As the protests persist and voices amplify, people in Iran are deploying art as a means of resistance, defiance, and dissent against the authoritarian regime.
According to the Human Rights Foundation, “4 billion people live in tyranny or a total of 54% of the world population in 95 countries.”
Though freedom of expression is a fundamental right that is constitutionally safeguarded, in the face of civil protests, dissents and threats of political subversion, it is the very immediate entity that is censored by authoritarian regimes. Media, education, and cultural properties that showcase an alternate narrative or those that seek to challenge and resist the dominant ones are often silenced, expelled, marginalized and suffer public and political scrutiny.
“How important is art as a form of protest? Very.”- Jermey DellerQuote by Jeremy Deller
Iran and the Protests: Art as a tool of resistance, dissent and defiance in the Iranian Women’s Revolution
One of the biggest dangers to authoritarian authority is art, creativity, and freedom of expression. Art may mobilise the civic community around a cause by publicizing the abuses of power and brutalities perpetrated by dictators through its soft power.
The idea that art is an outlet for expression has long been accepted as fact. Art has a strong ability to communicate alternative narratives and varied perspectives, sometimes in a way that is subject to interpretation and other times that is more explicit and obvious. It has the power to impact, condemn, rise, provoke and revolt against the existing social hierarchies.
“The role of the artist is that of the soldier of the revolution.” –Diego RiveraQuote by Diego Rivera
There is an inherent similarity between protests and artworks–they both are suppressed voices that reflect underlying inadequacies and injustices of the society that often gets concealed behind the utopic dominant narratives of the world. Protest artwork aids in conjuring up primal emotions in its viewers, which may in turn heighten the atmosphere of the situation and open up new dissenting avenues. It is thus, an effective means to shape the collective social consciousness, establishing networks that are often transient, and marked by their timeliness and timelessness.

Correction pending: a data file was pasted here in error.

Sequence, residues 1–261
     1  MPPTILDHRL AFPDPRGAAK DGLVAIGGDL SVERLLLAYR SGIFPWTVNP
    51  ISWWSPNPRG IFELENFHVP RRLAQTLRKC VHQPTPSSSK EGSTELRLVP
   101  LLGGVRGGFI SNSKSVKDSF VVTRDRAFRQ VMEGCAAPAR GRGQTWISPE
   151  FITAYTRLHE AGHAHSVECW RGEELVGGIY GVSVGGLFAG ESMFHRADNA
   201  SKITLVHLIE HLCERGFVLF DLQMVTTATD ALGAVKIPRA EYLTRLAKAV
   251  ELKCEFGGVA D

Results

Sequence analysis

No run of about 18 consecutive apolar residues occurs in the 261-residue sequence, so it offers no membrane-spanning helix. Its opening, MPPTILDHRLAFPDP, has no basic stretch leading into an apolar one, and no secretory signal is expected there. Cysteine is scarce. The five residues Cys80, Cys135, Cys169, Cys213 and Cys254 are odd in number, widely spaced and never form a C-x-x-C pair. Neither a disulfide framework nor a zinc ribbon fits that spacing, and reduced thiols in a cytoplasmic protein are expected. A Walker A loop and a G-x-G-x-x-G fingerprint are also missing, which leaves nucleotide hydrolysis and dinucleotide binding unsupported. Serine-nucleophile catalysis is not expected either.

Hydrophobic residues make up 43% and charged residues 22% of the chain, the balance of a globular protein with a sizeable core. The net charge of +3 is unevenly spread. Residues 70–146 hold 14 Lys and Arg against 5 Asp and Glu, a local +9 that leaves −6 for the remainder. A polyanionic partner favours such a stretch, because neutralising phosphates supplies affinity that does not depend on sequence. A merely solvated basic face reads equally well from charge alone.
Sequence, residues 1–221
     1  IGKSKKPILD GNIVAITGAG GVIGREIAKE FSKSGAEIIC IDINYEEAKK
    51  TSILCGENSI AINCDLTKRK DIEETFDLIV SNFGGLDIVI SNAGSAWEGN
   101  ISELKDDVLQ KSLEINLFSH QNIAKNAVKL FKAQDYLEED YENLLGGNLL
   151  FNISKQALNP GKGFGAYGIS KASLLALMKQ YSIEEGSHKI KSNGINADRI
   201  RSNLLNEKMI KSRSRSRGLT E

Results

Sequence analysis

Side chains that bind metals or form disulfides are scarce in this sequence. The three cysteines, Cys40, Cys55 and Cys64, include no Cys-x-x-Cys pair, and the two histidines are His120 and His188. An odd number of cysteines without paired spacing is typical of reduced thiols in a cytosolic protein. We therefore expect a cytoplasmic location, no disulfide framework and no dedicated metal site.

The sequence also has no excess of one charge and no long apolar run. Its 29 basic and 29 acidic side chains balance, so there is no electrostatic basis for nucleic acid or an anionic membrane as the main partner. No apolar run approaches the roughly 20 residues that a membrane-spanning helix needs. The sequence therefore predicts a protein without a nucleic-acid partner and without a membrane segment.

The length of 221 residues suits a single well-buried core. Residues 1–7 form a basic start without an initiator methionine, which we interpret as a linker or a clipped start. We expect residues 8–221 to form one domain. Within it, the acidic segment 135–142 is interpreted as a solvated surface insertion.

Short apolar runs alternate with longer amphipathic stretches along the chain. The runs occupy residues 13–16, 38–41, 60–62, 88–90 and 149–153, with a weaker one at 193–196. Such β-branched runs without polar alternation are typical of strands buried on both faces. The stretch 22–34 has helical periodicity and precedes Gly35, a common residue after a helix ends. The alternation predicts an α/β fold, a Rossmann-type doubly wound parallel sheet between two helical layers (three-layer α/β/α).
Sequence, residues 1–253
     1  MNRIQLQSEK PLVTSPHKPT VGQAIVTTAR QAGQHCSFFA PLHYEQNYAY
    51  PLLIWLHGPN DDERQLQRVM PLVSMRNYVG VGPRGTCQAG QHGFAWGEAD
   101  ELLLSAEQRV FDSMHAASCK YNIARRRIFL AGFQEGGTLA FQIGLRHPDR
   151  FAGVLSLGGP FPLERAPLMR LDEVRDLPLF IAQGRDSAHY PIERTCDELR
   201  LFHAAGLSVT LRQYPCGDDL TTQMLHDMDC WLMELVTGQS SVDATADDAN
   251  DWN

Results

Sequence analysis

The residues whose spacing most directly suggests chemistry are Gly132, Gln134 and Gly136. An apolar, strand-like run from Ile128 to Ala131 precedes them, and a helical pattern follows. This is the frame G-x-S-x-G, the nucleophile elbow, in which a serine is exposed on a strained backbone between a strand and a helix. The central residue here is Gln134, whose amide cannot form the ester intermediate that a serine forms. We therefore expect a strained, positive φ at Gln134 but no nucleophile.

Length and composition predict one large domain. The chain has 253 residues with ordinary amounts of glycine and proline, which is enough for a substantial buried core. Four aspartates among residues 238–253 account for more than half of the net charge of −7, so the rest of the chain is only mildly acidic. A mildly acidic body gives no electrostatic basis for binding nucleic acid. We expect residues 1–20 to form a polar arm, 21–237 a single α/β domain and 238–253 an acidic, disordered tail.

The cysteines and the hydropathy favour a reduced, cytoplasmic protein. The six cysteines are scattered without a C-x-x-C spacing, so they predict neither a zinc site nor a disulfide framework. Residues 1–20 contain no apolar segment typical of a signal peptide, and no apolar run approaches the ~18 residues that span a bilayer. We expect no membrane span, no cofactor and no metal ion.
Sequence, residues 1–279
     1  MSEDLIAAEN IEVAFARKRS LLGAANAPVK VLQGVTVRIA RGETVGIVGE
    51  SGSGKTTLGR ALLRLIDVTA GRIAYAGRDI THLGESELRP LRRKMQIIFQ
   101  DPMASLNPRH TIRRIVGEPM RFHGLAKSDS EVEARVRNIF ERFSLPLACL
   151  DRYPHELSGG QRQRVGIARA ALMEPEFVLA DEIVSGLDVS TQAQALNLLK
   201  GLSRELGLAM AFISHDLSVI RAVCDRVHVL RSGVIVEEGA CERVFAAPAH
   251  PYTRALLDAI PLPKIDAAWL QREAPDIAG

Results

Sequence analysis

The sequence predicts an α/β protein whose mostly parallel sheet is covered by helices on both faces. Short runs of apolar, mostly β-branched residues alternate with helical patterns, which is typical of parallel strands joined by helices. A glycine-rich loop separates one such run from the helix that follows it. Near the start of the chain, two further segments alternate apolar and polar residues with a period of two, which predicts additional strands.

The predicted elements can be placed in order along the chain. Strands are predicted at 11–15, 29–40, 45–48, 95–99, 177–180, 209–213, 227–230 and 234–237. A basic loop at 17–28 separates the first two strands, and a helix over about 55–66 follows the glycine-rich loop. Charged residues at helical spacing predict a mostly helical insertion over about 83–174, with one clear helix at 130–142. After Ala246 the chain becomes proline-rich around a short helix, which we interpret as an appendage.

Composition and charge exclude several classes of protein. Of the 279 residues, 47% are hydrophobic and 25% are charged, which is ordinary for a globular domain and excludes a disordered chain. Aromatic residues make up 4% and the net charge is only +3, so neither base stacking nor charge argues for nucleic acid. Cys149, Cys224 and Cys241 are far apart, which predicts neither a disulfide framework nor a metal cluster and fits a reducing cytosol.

It is created as a tool for expressing an individual’s resistance against those in positions of power. To complicate and oppose the established cultural boundaries and hierarchies as portrayed by those in authority, activist art encompasses aesthetic, ideological, and technological advancements.
Right from Picasso’s ‘Guernica’ to the graffiti on the streets, these pieces of art are often allegorical in nature and a commentary about everything that time witnesses. The goal of activist artists is to produce art that serves as a medium for political or social exchange, directly challenging cultural power hierarchies rather than merely referencing them.
Often repressed, prohibited, demolished, and redacted under stringent censorship of authoritarian regimes as well as democratic governments, the vitality and voices of creativity and dissent are often challenged under oppressive governments, putting forward the questions of threat to liberties of human rights and free expression.
To confront sociopolitical issues and promote public engagement as a means of enacting social change, activist art makes use of public spaces. It seeks to bring about societal transformation by putting into action representational processes that encourage dialogue, raise awareness, and empower communities and individuals.